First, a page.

Kanye West’s Yeezus was undoubtedly one of the best records last year. It was also, undoubtedly, one of the most hated. The amount of gushing from the music critic community is probably only matched by the level of vitriol that came from the general public. Ever want to strike up a heated conversation? Just utter the words “Yeezus was the best album of 2013” in any room and battle lines are sure to quickly form.
Yet, there is one thing that both the Yeezus haters and lovers can agree on, even in the face of lyrics such as “In a French-ass restaurant / Hurry up with my damn croissants”: The production on Yeezus deserves three explanation points. Moving away from the soul-drenched beats of past albums My Beautiful Dark Twisted Fantasy and The College Dropout, Yeezus introduced us to a more industrial, acid house-infused Kanye. Along with those sounds, Yeezus also introduced us to a crop of new producers who helped Kanye establish those sounds: Hudson Mohawke, Arca, Young Chop and Evian Christ.
Of those four, Evian Christ may have been the least well known. Only 24 years old, Evian Christ—born Joshua Leary and hailing from a town just north of Liverpool—first came onto the electronic music scene via a well-received mixtape, Kings and Them, in 2012, which introduced listeners to his R&B- and rap-influenced “pitch-dark” music, but he had yet to even release an EP before being tapped by Kanye.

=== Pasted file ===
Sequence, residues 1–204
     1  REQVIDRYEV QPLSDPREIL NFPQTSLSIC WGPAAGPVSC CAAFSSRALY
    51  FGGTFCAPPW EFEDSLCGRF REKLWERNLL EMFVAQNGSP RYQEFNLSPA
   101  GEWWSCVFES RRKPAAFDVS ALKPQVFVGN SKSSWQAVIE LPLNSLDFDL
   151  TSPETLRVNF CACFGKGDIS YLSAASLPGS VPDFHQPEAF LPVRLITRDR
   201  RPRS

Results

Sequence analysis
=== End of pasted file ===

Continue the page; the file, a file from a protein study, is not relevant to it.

On Yeezus, Evian Christ lent his rhythmic gifts to the X-rated “I’m In It,” where the dark, electronic, industrial stylings of Christ were made to mirror the overtly sexual nature of Kanye’s lyrics and then teamed with a Justin Vernon chorus to make the song into something most on either end of the aisle had never heard.
Following the success of that collaboration, Evian Christ released a four-track EP in early 2014 that was equipped with such bangers as “Salt Carousel” and “Waterfall” (below), two-tracks that scream grit your teeth and nod your head. "Waterfall" in particular displays Christ’s predilection for grimy, industrial-laden, hard-hitting beats and continues to open the door just a little bit more on what could be one of the more interesting electronic artists of the next few years.
In the meantime—before that door is blown wide open—Evian Christ will be bringing his NIN-inspired, hip-hop-concocted beats to Rotture on Friday, May 30 for $10. It will be a good time to catch him before the next Kanye album blows up and he’s playing venues twice the size for the twice the price.
If you have doubts about that being a realistic possibility, just read his quote about what he’s working on for the new (currently untitled) Kanye album when he spoke to self-titled in April: "I’ve got to get home and write an Otis Redding-style beat for him. He emailed last night. He wants something that sounds a bit like Otis Redding, a bit like Mobb Deep."
If that’s the direction Christ is heading, you’d better catch him now.